Prior to version 3.0, if Privacy Browser was at the beginning of the history list and the user pressed the back button, the command would be passed up to the Android system, which would move Privacy Browser off the screen and return either to the app that launched Privacy Browser or to the home screen. In early beta testing I realized this behavior didn’t always work well with tabbed browsing. For example, if a user had multiple tabs open and then switched to an incoming message in another app and clicked on a link in the message, Privacy Browser would reopen with the contents of the link in a new tab. After reading the web page, tapping back would return to the messaging app. This felt natural. But, if a user had been browsing with multiple tabs in Privacy Browser for an extended period of time and then hit back on one of the tabs that was at the beginning of the history view, they would be kicked out to whatever app had been running before Privacy Browser, even if it hasn’t been open for hours. This behavior felt unexpected, especially when other tabs were open. A kind of, “I wasn’t done yet, where are you going?” experience.
At the time, my solution was to make back load a blank page if the WebView was at the beginning of the history. This created a weird scenario where you could cycle between a blank page and the last website by repeatedly pressing back. However, in considering feedback I received about this behavior as well as the desire for a more readily accessible way to close tabs, I realized that, if a tab is at the beginning of the history list and back is pressed, the most natural behavior is to close the tab. This leaves Privacy Browser in the foreground if other tabs are open, resolving the unexpected behavior described in the previous paragraph. And it makes it easy to close tabs that were open via intents from other apps, which is probably about 90% of normal tab usage.
Anyone who has been following these posts for a while has noticed the running thread of limitations caused by Android’s WebView, which is why the 4.x series is going to include a forked version called Privacy WebView. While developing tabbed browsing I discovered that first-party cookies are enabled/disabled by app, while third-party cookies are enabled/disabled by WebView. This means that if the current tab enables cookies, they will also be enabled for any background requests made by any other tabs that are currently open.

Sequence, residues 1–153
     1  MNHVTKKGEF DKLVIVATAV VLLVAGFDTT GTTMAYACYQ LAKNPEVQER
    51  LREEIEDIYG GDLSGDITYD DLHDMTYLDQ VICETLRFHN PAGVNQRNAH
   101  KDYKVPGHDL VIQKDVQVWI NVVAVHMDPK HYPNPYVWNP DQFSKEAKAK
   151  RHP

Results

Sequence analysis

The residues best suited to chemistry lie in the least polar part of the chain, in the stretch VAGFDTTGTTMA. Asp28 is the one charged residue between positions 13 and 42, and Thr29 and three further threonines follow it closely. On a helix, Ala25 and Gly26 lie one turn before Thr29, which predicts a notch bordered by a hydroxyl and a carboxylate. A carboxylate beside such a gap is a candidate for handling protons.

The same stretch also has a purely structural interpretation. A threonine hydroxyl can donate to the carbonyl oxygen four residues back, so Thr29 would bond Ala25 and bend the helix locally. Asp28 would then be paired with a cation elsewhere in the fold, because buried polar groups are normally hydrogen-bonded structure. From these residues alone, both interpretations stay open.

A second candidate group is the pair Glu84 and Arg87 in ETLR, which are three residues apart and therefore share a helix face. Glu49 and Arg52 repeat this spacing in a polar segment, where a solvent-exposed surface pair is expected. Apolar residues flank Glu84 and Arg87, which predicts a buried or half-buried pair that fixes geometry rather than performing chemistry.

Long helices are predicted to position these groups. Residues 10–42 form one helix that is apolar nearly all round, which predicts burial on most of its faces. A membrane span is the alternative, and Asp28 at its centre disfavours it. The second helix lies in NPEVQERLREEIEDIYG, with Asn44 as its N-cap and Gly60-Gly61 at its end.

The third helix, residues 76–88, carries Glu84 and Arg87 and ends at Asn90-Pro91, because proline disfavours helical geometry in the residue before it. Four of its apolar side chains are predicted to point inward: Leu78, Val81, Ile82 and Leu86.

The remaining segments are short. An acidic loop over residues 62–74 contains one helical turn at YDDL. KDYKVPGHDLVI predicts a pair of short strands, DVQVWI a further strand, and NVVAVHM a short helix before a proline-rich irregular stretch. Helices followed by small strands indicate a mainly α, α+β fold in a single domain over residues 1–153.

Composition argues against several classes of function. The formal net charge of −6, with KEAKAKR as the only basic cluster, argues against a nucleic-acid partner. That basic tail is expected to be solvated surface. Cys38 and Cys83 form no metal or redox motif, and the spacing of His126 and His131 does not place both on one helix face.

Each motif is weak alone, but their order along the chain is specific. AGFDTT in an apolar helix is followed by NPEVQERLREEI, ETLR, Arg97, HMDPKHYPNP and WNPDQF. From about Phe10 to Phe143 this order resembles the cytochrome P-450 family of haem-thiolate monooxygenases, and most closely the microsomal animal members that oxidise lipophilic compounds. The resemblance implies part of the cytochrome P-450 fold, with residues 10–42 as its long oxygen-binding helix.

There is nothing I can do about this presently, but it will be addressed in the 4.x series. In the meantime, I have added a warning in the settings.
Privacy Browser 3.0 has been released. The major feature is the long awaited tabbed browsing.
Using a tab layout generally works well, and in some cases is even better than I imagined it would be. The favorite icon has been moved from the URL bar down to the left of each tab. This helps with identifying tabs and also frees up valuable space in the URL bar. Adding a new tab is accomplished by tapping the + icon. Closing a tab can be done from the first item in the navigation menu. I considered placing a close icon on each tab, but I was concerned that it would be too easy to accidentally close a tab when trying to switch between them. (For consistency and ease of access, Clear and Exit was also moved up to the top of the navigation menu.)
One of the things I discovered is that Android’s WebView only allows enabling and disabling first-party cookies by app, not by WebView (as is the case with third-party cookies). This limitation will be removed in the 4.x series with Privacy WebView, but until then I have added a warning to the first-party cookies setting.
Because some people don’t like links littering their browser with excess tabs, I created a setting to disable the opening of intents in new tabs. Intents are URLs that are sent from other apps. For example, if an email contains a URL, tapping on it in the email app sends an intent to the browser requesting that it load the URL.
I moved the URL loading progress bar from the bottom of the app bar to the top of the WebView. Otherwise, the progress bar would not be visible when the app bar is scrolled off the screen or when full screen browsing mode is enabled with the app bar hidden.
Another bug was fixed that caused the bottom of the WebView to be cutoff when scrolling of the app bar was disabled. This was caused because the WebView was adjusting the layout assuming the app bar could scroll, which made a section of the bottom of the WebView equal to the height of the app bar not accessible if the app bar did not get out of the way.
This release includes the first full German translation in a while, kindly provided by Bernhard G. Keller. The Italian translation was updated by Francesco Buratti; the Spanish translation was updated by Jose A León; the Russian translation was updated; and the Turkish translation was partially updated.
The next release of Privacy Browser will focus on speeding up the loading time of the app, which currently is hampered by the synchronous loading of the blocklists on the main thread from an inefficient text format that requires extensive parsing.